Days since MCO

MCO started on Mar 18, 2020


Days till RMCO lifted

RMCO expected to lift on Mar 31, 2021


Our coverage on COVID‑19

COVID-19 vaccine by Moderna is 94.5% effective, based on early data

Biotechnology company Moderna claims that their COVID-19 vaccine candidate is 94.5 percent effective, based on early data. That’s slightly higher than the 90 percent efficacy of a vaccine by Pfizer and BioNTech—which was announced last week.

“Aspirationally, you would like to see 90, 95 percent, but I wasn’t expecting it. I thought we’d be good, but 94.5 percent is very impressive,” Anthony Fauci, director of the National Institute of Allergy and Infectious Diseases.

While these efficacy readings are higher than many experts were expecting, the data hasn’t yet been published or reviewed by outside experts. Moderna’s initial evaluation included 90 cases of COVID-19 in the clinical trial group that received the placebo, and only five cases in the group that were given a vaccine. In the trial, they found 11 severe cases in the placebo group, but none in the group receiving the vaccine.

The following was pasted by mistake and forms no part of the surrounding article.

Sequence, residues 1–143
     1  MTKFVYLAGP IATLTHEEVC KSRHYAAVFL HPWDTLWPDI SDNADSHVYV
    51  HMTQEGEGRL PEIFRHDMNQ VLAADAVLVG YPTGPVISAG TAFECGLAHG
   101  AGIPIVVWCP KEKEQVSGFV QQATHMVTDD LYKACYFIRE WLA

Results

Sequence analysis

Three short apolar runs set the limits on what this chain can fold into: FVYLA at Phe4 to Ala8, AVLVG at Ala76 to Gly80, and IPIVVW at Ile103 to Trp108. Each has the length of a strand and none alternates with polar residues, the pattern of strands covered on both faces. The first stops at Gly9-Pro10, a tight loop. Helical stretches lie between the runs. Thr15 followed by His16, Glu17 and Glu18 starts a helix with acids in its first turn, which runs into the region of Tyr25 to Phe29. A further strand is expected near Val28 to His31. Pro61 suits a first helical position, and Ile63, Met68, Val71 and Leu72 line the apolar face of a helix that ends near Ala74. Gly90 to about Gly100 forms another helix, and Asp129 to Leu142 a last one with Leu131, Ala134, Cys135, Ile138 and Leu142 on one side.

For the vaccine trial results by Pfizer and BioNTech, they included 94 cases of COVID-19. Fewer than nine of those cases were among people who received two shots of their vaccine—which resulted in their vaccine being 90% effective.

Moderna also announced that its COVID-19 vaccine can be stored at refrigerator temperatures (between 2 to 8 degrees Celsius) for up to 30 days—which should help make storage and distribution of this vaccine easier. Pfizer and BioNTech’s vaccine has to stay at -70 degrees Celsius.

“By the end of 2020, the Company expects to have approximately 20 million doses of mRNA-1273 (their vaccine) ready to ship in the U.S. The Company remains on track to manufacture 500 million to 1 billion doses globally in 2021,” wrote Moderna.

SEE ALSO:  Vaccines have finally arrived in Malaysia! | ICYMI #470

Recently, Microsoft reported that COVID-19 vaccine makers are under attack by Russian and North Korean hackers. The attacks aimed at seven pharmaceutical companies and researchers in the U.S., Canada, France, India, and South Korea.


Related reading

Dzamira Dzafri